In our quest for the best — nursery school, summer camp, teacher, or college, it’s easy to get caught in the “Gotta-Go Flow” and lose sight of what’s best for our children and family. The community anxiety around securing what’s best can create peer pressure difficult for any parent to resist.
By Jeanne Rollins
In our quest for the best — nursery school, summer camp, teacher, or college, it’s easy to get caught in the “Gotta-Go Flow” and lose sight of what’s best for our children and family. The community anxiety around securing what’s best can create peer pressure difficult for any parent to resist. I’ve stood on many sidelines breaking into a cold sweat while listening to a litany of missed opportunities: the after-school program was a must; that sports team set her up for varsity; this SAT tutor was his ace in the hole.
Somewhere between racing our kids to soccer and bribing them to take music lessons, I learned to consider the difference between what’s seemingly best and actually best. The seemingly best nursery school might be across town and complicate a parent’s commute. A doctor might be nationally ranked but neglect to return phone calls. A theater program might be sought after but interfere with dinner hour or a good night’s sleep.
Years ago we set out to choose the perfect sleep-away camp for our daughter. After a weekend of camp visits, lengthy director interviews and much deliberation, my husband and I agreed on the seemingly best one. Pristine cabins lined the end of a peninsula on a serene lake overlooking plush green mountains. We wanted to stay at Camp Pristine, but our daughter did not. She preferred a rinky-dink camp with cobwebbed cabins and unstructured play. We mistakenly overruled and left our daughter with a disappointing experience. The following year she attended Camp Rinky Dink and had the time of her life. We learned to slow down and listen up, and to follow our child’s lead when making decisions about her life.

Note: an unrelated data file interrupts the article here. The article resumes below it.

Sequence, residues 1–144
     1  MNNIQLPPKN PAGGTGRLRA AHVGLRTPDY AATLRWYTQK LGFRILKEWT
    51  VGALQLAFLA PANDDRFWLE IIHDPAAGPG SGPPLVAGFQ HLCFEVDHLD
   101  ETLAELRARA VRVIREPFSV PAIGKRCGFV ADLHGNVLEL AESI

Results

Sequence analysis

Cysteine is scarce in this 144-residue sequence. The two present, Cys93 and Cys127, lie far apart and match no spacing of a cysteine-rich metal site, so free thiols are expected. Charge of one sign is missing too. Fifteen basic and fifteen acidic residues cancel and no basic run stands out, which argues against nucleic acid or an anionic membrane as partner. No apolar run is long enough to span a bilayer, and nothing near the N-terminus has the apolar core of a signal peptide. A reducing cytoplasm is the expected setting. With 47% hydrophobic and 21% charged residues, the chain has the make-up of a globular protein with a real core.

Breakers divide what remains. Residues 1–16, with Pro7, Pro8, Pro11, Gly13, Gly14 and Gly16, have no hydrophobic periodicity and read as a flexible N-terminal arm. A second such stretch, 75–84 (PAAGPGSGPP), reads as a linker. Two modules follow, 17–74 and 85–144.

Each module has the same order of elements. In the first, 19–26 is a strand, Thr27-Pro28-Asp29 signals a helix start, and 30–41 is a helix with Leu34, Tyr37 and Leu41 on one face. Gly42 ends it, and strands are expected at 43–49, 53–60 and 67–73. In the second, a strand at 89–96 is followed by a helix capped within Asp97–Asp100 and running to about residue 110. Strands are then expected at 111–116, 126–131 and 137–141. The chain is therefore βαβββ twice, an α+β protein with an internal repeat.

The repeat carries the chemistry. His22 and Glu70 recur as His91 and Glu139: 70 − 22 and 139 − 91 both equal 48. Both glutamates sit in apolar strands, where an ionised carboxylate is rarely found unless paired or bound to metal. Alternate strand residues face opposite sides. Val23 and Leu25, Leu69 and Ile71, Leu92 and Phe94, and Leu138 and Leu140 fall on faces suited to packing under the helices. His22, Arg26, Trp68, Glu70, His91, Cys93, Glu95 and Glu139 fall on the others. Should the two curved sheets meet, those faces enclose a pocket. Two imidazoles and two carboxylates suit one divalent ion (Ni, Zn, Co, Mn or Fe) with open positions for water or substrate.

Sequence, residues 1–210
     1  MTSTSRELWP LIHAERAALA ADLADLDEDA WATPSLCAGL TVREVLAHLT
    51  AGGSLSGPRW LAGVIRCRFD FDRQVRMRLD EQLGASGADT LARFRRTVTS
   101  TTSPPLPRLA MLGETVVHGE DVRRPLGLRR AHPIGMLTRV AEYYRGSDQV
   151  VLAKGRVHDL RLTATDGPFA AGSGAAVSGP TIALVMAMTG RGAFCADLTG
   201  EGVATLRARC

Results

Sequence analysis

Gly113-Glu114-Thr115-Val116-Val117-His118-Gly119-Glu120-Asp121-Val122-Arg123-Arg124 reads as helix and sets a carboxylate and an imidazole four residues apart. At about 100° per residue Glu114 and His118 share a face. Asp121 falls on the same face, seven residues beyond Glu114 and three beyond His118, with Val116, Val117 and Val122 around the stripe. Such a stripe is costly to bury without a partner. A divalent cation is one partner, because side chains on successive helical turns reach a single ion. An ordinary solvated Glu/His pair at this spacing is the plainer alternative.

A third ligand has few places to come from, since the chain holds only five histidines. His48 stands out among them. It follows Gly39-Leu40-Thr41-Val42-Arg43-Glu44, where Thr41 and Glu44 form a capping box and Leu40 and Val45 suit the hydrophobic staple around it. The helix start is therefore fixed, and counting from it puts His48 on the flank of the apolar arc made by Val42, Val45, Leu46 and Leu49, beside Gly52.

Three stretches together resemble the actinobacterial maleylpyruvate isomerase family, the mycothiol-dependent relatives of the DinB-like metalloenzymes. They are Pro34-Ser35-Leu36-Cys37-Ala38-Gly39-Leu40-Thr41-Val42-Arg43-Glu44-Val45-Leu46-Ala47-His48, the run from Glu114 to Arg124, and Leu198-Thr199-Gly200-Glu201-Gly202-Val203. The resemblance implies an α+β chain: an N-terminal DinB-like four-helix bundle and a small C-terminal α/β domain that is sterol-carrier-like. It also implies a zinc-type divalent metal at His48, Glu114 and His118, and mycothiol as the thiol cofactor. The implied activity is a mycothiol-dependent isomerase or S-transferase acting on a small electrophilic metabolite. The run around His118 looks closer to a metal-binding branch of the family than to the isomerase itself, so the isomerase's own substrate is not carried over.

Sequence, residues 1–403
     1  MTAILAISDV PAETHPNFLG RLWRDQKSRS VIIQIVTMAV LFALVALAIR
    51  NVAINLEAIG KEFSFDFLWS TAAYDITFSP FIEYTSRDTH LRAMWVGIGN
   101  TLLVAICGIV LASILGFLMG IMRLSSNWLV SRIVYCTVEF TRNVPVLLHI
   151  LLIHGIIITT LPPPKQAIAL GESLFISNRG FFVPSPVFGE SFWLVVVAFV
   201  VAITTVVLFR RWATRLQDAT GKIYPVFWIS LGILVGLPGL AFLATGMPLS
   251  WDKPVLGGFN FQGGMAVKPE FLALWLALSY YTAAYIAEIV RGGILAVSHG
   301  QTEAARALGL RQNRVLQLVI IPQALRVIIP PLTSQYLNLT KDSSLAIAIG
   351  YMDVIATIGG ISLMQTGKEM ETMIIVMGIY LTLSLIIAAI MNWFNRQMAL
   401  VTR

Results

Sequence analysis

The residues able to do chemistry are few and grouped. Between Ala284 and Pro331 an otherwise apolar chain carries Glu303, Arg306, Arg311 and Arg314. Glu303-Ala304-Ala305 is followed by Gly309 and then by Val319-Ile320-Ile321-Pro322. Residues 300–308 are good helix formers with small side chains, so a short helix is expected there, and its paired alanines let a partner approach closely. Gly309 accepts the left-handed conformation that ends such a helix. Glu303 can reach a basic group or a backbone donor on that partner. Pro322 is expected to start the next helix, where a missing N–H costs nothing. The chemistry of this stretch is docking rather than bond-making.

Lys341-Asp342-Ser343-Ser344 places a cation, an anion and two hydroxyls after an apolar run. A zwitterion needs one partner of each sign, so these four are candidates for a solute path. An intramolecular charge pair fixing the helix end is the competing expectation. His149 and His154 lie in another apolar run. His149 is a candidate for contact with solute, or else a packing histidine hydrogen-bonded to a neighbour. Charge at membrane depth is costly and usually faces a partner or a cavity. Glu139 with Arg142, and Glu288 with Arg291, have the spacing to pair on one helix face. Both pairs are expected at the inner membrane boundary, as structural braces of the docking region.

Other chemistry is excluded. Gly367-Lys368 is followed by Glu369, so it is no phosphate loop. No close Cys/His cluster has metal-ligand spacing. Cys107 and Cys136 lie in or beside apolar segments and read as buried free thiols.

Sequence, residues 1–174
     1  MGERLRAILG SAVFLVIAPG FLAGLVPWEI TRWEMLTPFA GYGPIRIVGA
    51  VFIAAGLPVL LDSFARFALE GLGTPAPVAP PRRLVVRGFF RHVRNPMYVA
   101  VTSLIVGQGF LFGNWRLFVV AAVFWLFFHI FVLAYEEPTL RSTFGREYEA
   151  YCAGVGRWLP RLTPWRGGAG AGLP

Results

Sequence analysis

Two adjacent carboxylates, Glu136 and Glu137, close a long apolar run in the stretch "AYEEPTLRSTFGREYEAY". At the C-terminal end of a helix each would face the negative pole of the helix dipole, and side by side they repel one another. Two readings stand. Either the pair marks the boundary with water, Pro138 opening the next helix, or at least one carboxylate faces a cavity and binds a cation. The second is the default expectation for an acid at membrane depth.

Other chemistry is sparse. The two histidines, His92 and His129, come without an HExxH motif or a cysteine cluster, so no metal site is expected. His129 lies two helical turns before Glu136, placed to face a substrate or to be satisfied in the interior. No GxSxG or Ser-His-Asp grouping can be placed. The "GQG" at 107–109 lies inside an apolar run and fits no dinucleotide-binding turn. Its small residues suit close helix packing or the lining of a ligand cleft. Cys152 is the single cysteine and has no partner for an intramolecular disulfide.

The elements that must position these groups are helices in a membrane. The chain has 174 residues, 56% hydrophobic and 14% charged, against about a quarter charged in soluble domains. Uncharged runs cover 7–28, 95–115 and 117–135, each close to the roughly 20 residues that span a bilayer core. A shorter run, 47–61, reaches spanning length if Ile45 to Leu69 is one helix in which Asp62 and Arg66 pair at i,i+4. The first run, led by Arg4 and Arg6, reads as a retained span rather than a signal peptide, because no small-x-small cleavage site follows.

What’s best for Anna isn’t necessarily best for Kate. What’s best for Bobby might not be best for his family. Even siblings differ in rhythm, interests, and personality. We wouldn’t buy a batch of identical shoes and hand them out to different people. Instead, we give time and focus to what works for each individual. We commit to a personalized process of finding just the right style, function, and fit. Why would we readily conform on more important matters?
Keeping our finger on the pulse of each child as he or she evolves is a big parenting commitment. Amidst college rankings and top ten lists we need to step back and remember that what impresses doesn’t necessarily nurture. A higher price or lower acceptance rate doesn’t guarantee a better experience. Just because our child can attend a coveted program doesn’t mean he should.
Through years of shortlists and long faces, sign-ups, and meltdowns, my quest for the best has shifted from the best product or service to the best decision our family can make at the time.